Tom Clancy has always appealed to me as a FPS franchise, in much the same way James Bond does. Like a big, brash, American version of Bond, Tom Clancy tales have it all – counter terrorism, stealth, exotic locations. The alcohol might be a little different – Tom Clancy heroes are more about beer than martinis, but the concepts are similar.
For me the benchmark of the series is the Splinter Cell games, which focus on the stealth and have a fairly non-linear approach to objectives. The modern shooter however, doesn’t gel so well with the hallmarks of a good Tom Clancy story. Travelling from one shooting gallery to another offers up some explosive thrills, but lacks in the subtlety that makes a strategic action game great. James Bond games have struggled with that disconnect, and Tom Clancy games struggle with it too.
Tom Clancy’s Ghost Recon: Future Soldier is not really different in that it, too, struggles with the disconnect between what Tom Clancy stories want to be, and what the modern shooters are popular for. But as a shooter it must be said that Ubisoft have done a fine job in finding ways to keep the action varied and reasonably strategic, while not veering too far away from the proven commercial formula. The result is a game that should appeal to most gamers, even if it’s not going to land on too many “best game ever” lists.
Let’s talk about the single player game first. Like the best modern shooters it’s a little briefer than we would like, and heavy on the action and scripted moments. As befit its AAA-status though the game is remarkably tight and well scripted. Guns have a nice heft to them, and the movement is slick while feeling just abstract enough to allow players to feel like the powerful super soldier. Battle for survival this game is not.
As I feared going into the game the corridors-and-firefight-room structure is firmly in place in this game. The first few missions of the game follow the same basic structure – run down a claustrophobic path, take cover, take down the goons. Later on the game opens up a little in the sense that the firefights become genuinely challenging – especially on the higher difficulty levels – and it’s not enough to act as a lone soldier. In Future Soldier, you’re in command of a unit, and you’ll need to make sure the (fairly competent) AI allies are moving into the right strategic positions to cover one another and create deadly crossfires for the enemies.
It might lack subtlety, but it’s the kind of strategic variety that keeps the action fresh and interesting. Each of the firefights end up acting as self contained little puzzle boxes and, action context aside, I’ve not been quite as engaged on a mental level with this generation’s shooter since the rather brilliant Operation Flashpoint. So yes, hats off to Ubisoft for working within the commercial constraints of the shooter genre to try and give people something that’s at least a little bit different.
This all falls to pieces in the multiplayer, though, which I found to be completely, soul-crushingly bog standard. Aside from the shift from first person to third person, this is an exact replica of every other shooter multiplayer mode since Call of Duty became standard. There’s levels, classes and loadouts to earn, and as is traditional, those who have had grinded up the levels have a marked advantage over those new to the game.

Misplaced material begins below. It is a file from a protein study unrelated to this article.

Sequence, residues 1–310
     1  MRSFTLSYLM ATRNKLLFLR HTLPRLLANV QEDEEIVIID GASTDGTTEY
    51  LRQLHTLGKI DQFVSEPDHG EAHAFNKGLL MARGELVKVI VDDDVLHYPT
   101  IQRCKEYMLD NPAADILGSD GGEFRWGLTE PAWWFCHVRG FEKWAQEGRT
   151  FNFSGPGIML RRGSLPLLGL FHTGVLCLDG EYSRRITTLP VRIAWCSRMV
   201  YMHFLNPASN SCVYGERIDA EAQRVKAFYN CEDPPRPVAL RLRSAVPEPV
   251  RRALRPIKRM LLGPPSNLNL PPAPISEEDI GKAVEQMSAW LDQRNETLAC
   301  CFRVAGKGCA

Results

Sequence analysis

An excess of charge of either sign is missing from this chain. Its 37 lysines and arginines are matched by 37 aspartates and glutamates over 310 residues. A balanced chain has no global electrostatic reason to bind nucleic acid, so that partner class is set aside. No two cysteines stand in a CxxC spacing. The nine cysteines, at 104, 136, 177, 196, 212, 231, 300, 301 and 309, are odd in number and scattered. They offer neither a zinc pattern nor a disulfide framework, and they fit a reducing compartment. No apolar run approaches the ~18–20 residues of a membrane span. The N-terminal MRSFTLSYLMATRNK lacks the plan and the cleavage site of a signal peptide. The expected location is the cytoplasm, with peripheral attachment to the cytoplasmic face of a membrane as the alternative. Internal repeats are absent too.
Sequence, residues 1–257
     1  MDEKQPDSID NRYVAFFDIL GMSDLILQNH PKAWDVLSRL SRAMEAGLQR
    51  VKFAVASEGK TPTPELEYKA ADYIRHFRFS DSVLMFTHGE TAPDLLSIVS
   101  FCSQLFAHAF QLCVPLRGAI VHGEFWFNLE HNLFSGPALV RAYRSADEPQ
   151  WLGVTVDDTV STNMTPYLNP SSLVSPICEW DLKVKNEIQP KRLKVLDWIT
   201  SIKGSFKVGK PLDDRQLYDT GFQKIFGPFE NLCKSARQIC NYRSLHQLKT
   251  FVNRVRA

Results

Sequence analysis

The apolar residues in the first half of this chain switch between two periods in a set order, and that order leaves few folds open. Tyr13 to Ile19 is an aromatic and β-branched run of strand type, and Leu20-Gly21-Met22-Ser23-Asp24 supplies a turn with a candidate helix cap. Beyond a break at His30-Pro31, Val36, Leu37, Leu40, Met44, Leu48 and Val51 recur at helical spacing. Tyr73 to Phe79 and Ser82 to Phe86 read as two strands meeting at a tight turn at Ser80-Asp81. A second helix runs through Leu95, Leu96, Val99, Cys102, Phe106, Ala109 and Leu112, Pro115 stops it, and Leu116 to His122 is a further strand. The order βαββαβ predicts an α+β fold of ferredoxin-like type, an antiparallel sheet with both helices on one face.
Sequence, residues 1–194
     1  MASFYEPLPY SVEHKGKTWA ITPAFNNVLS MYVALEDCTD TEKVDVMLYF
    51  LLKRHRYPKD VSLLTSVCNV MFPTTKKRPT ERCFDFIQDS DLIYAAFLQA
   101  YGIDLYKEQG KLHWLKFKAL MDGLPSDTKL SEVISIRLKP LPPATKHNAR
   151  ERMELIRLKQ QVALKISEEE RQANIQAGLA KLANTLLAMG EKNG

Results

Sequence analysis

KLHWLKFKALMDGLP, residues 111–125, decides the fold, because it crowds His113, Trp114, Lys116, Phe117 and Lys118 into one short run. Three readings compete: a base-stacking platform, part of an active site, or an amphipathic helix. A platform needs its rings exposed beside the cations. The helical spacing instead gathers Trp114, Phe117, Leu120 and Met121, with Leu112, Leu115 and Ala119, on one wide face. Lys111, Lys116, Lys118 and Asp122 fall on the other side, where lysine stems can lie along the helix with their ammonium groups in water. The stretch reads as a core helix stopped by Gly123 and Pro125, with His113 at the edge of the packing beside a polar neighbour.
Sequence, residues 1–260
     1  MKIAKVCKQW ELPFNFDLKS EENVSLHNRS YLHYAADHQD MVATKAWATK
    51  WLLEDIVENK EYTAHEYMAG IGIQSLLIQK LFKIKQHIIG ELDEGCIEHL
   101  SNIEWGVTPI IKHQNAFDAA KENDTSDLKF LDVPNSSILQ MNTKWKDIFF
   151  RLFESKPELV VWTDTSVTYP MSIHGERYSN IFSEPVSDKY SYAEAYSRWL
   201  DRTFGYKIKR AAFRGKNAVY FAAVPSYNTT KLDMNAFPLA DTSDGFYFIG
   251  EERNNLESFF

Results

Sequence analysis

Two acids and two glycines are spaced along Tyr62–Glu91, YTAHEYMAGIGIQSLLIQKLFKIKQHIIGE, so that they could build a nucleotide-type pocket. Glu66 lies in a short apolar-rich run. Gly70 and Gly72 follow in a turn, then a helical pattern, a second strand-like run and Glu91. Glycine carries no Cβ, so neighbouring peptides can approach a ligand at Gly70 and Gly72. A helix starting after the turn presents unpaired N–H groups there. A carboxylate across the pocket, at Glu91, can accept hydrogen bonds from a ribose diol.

To take a moment to go on a tangent rant here: developers, for the love of God please figure out a way to reward your dedicated players while not completely alienating the newcomers. It’s fine that you want that level 72 player that has chewed out 300 hours in your game to be a God soldier, but you still need to make the game compelling for me, that level 20 upstart. And no, it’s not much fun to sink 50 or more hours into your game only to realise that I really know nothing – that, ladies and gentlemen, is intimidating.
The battlefields have been all balanced in that nice way that ensures no one feels like they’re at a terrain disadvantage. It’s deathly boring and completely sterile, but it allows for people to feel like they’re being treated “fairly.” The same basic team tactics are at play here, with the same basic strategies working. And, like every other shooter out there, it’s populated by utter morons that are probably not old enough to be playing these games.
Now all this is still a reasonably compelling formula – between the single player game and the standard multiplayer I haven’t had the time or inclination to try out anything else in this game – but it’s compelling because all the shooter developers out there have all got this formula down to a fine art. There’s nothing to really distinguish this multiplayer mode from anyone else out there on the market at the moment, aside from a neat stat tracking app (which really should be standard as games with multiplayer modes, it helps engagement with the game significantly). It’s also way too late for a game that adheres so carefully to this proven formula to pull anyone away from their existing shooter of choice.
While it’s impossible to criticise the game for what it is – it’s almost faultless in execution, I’m going back to play Birds of Steel, which is a military action game that genuinely does something different with the same basic shooter structure. Anyone who is still enjoying the genre should get something out of this – if nothing else, the single player game is fresh enough to be worthwhile.
– Matt S